Governor Allocates Funding to Tackle Homelessness in Rural Oregon

In response to the ongoing homelessness crisis plaguing both urban and rural communities in Oregon, Governor Tina Kotek has taken significant steps to address the issue. Yesterday, she announced the allocation of funding to select rural counties within Oregon’s Balance of State Continuum of Care as part of her declared state of emergency on homelessness. These funds, derived from House Bill 5019, which was approved by the Legislature and signed by Governor Kotek, are aimed at rehousing individuals experiencing homelessness and expanding shelter capacity in the 26 rural counties that make up the Balance of State Continuum of Care.

The bill encompasses various allocations, with a substantial portion of $26.1 million designated specifically for rural counties. The primary objectives of this funding are to create at least 100 new shelter beds and rehouse a minimum of 450 households by June 30, 2025.

Governor Kotek emphasized the severity of the homelessness crisis and the urgent need for action, saying, “Homelessness is a crisis in both urban and rural communities throughout Oregon. In many conversations during my 36-county listening tour, Oregonians have repeatedly emphasized the need for more shelter capacity and rehousing services in their communities. This funding, tied to specific outcomes, will make a measurable impact in addressing this crisis in rural Oregon. And we can’t stop here – I will keep pushing for concrete solutions that will support community needs going forward.”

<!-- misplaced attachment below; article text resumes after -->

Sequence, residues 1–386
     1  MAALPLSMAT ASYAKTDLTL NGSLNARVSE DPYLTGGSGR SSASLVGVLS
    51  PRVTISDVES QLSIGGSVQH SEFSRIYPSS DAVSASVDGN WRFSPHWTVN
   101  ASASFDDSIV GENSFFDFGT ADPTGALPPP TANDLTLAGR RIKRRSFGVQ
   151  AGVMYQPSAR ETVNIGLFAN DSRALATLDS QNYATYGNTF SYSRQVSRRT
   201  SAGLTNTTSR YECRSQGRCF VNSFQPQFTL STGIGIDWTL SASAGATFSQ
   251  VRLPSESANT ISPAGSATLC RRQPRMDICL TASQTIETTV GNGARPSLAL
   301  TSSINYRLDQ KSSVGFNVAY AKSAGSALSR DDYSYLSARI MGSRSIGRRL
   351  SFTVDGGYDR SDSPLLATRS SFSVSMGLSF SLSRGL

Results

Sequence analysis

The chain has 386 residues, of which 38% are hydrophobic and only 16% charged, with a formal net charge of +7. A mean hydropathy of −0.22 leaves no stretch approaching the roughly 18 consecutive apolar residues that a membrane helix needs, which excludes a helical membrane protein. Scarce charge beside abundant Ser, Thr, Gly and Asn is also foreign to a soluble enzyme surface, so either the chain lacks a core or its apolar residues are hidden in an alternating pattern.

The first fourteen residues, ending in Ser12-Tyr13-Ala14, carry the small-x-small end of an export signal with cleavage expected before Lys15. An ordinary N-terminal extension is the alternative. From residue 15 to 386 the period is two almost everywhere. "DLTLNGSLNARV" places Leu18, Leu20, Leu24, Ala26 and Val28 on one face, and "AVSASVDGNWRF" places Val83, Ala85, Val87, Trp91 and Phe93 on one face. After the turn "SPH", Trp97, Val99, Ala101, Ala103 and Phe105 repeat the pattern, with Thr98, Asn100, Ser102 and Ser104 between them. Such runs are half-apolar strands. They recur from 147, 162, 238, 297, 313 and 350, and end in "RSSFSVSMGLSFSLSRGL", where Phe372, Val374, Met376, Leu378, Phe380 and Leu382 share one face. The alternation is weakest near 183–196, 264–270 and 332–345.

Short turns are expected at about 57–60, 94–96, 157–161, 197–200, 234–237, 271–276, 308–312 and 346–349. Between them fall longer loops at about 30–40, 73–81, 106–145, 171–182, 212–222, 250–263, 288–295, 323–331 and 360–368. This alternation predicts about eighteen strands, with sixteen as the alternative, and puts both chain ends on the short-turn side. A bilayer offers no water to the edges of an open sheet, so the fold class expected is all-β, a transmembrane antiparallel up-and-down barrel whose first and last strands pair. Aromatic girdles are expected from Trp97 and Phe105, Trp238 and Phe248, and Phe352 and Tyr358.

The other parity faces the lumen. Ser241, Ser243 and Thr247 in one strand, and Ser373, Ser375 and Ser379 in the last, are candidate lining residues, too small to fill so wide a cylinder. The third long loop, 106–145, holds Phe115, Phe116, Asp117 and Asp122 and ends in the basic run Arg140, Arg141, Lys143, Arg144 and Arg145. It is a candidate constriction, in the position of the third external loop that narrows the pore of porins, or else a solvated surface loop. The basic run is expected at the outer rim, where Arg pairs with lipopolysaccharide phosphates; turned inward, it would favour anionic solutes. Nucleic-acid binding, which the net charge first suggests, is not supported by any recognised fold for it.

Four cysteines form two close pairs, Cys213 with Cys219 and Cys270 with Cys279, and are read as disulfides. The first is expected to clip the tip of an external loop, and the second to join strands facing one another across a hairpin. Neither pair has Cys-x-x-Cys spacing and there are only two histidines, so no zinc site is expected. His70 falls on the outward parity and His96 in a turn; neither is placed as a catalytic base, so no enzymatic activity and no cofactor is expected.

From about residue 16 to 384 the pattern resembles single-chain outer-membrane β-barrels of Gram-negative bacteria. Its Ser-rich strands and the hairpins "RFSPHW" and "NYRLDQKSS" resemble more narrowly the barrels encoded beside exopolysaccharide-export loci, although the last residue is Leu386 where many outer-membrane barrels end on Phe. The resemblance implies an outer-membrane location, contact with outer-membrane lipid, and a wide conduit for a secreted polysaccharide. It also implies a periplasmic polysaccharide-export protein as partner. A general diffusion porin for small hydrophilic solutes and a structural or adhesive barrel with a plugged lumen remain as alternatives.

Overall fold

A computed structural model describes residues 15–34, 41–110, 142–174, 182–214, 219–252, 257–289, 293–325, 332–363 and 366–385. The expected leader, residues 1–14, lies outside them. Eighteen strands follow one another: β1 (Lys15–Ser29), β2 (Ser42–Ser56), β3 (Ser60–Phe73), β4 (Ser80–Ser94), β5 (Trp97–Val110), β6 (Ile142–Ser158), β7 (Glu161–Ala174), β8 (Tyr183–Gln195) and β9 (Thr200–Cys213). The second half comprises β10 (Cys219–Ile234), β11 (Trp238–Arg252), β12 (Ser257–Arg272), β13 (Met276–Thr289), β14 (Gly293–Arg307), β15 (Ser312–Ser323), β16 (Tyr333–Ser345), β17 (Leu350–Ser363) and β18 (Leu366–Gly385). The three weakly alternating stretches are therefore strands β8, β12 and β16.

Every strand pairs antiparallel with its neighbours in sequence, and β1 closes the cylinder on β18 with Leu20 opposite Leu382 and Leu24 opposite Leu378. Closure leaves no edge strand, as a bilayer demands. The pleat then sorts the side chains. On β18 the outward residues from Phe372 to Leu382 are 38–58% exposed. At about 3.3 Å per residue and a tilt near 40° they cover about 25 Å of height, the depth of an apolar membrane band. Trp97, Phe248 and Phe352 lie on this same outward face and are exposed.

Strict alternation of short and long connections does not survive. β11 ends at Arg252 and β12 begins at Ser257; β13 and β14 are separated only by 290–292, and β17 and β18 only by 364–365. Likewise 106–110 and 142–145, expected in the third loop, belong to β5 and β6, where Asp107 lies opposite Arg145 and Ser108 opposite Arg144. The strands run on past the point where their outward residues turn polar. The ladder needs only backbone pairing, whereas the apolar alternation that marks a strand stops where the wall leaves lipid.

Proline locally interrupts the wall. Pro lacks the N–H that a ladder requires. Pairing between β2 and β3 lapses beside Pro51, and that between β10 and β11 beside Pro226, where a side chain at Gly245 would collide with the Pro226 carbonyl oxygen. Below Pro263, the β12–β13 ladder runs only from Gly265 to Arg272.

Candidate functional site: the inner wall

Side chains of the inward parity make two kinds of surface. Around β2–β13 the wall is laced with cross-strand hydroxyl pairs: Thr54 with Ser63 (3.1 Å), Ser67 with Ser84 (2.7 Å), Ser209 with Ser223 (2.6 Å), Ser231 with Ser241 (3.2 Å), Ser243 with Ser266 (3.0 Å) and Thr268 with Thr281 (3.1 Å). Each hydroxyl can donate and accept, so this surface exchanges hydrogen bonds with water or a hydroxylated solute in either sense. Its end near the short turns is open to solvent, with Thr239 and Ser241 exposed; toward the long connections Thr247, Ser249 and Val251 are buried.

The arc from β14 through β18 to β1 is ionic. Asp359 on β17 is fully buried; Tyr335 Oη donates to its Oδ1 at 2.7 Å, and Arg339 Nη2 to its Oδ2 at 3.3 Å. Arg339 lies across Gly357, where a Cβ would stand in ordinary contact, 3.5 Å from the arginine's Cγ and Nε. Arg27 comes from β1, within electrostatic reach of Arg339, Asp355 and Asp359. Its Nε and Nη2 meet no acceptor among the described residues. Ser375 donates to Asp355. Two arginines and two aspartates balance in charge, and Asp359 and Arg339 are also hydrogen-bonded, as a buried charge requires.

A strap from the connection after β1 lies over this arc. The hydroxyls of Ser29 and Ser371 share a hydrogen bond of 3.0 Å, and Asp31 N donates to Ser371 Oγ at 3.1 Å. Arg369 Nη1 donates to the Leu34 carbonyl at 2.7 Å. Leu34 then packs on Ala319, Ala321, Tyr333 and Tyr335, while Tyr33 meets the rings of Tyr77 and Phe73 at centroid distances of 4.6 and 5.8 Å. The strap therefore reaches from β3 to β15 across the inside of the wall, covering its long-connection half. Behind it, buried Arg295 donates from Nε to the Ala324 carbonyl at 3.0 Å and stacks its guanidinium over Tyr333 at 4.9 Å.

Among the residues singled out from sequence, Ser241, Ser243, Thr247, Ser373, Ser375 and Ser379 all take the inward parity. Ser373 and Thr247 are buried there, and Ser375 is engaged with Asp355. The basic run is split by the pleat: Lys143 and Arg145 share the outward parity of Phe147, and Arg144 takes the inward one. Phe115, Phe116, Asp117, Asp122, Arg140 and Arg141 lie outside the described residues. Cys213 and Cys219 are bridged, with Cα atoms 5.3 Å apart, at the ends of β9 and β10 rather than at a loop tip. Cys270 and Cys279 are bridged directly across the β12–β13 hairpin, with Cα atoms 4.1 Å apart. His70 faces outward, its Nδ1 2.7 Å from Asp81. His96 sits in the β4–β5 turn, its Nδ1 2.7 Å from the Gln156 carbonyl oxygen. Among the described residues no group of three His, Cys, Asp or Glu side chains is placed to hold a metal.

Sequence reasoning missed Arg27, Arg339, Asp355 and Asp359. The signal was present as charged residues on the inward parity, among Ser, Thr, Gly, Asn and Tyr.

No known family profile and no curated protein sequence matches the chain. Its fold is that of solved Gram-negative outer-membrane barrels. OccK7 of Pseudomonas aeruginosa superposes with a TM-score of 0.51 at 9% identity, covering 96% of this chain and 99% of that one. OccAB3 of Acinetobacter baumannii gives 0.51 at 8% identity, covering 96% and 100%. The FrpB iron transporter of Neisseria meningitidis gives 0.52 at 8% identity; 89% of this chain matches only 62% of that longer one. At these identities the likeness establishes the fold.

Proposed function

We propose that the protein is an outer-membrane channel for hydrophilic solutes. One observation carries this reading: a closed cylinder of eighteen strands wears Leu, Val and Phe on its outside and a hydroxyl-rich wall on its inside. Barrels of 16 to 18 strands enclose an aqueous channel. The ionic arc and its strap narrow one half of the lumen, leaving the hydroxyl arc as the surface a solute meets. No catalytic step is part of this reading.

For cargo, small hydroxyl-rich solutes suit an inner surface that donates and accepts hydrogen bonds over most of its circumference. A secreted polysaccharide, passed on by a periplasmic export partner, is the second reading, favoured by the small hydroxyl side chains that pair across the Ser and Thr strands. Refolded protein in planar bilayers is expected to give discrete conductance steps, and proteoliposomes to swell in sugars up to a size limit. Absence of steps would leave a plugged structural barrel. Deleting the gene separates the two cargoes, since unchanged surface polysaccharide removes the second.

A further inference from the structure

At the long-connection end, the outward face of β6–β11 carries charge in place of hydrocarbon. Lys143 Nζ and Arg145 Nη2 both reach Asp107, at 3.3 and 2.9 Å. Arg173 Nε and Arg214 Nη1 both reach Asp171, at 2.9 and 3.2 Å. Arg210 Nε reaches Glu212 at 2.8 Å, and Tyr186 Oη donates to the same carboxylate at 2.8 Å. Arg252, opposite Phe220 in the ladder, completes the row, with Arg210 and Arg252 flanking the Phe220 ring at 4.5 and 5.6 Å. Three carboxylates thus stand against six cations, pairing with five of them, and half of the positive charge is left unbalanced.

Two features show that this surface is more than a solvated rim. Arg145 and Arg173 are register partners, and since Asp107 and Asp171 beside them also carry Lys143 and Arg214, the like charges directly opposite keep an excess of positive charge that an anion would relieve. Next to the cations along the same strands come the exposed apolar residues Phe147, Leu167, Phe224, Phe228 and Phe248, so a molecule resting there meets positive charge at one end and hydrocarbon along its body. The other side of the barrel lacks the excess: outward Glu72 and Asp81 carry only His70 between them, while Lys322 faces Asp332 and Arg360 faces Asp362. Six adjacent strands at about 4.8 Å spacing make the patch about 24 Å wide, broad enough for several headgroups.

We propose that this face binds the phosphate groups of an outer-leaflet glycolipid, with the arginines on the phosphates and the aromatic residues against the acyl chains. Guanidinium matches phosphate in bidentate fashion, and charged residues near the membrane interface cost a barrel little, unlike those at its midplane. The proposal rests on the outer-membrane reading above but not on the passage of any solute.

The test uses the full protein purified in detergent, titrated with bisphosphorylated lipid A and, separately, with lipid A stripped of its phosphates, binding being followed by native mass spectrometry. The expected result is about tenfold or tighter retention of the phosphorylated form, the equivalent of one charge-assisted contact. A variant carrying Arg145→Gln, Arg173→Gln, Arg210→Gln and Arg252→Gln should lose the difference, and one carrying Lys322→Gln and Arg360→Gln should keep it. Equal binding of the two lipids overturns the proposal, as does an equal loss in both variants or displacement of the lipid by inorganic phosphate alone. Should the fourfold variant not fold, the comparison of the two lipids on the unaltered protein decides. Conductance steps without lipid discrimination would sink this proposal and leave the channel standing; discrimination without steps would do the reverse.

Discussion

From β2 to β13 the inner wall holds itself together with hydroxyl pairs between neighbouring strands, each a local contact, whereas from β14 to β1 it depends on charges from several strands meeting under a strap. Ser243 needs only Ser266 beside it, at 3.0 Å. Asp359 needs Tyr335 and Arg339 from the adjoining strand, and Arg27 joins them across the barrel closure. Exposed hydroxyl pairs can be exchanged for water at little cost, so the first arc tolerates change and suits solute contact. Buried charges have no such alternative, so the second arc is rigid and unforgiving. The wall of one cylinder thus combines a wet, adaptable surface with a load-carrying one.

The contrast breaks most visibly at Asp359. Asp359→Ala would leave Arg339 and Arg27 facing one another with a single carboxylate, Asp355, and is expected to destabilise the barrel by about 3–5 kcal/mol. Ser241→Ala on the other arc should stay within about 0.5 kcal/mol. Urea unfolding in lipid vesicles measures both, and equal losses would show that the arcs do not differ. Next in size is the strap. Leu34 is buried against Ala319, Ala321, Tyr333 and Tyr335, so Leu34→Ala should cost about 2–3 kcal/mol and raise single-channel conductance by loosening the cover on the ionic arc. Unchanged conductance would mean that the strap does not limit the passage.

The allocation of funds to individual counties is based on various factors, including the appropriation available from the Legislature, detailed community plans, and a distribution formula developed by the Oregon Housing and Community Services Department. Here are some of the key fundings in our region:

  • Josephine County: $2 million to add at least 16 shelter beds and rehouse at least 31 households
  • Klamath and Lake counties: $1.4 million to rehouse at least 38 households
  • Douglas County: $1.4 million to rehouse at least 34 households
  • Coos County: $1.9 million to add at least 8 shelter beds and rehouse at least 32 households.

In total, 16 Local Planning Groups have been established with designated leads to coordinate and execute plans aimed at achieving the outlined outcomes. These groups consist of experts from local governments, non-profits, and individuals with lived experiences of homelessness. Their responsibility is to efficiently implement the allocated funds to assist individuals and families in achieving housing stability.

The scale of the issue is evident as Local Planning Groups submitted 29 shelter projects for consideration, with a total request exceeding $37 million. This demonstrates the urgency and need for such funding and initiatives to combat homelessness in rural Oregon.

Jackson County was not a part of this round of funding as the state classifies the county as “Urban” and this funding was dedicated to “Rural” counties. Previously, Jackson County was awarded $8.8 million in funding to be used for homeless programs.

Source: State of Oregon

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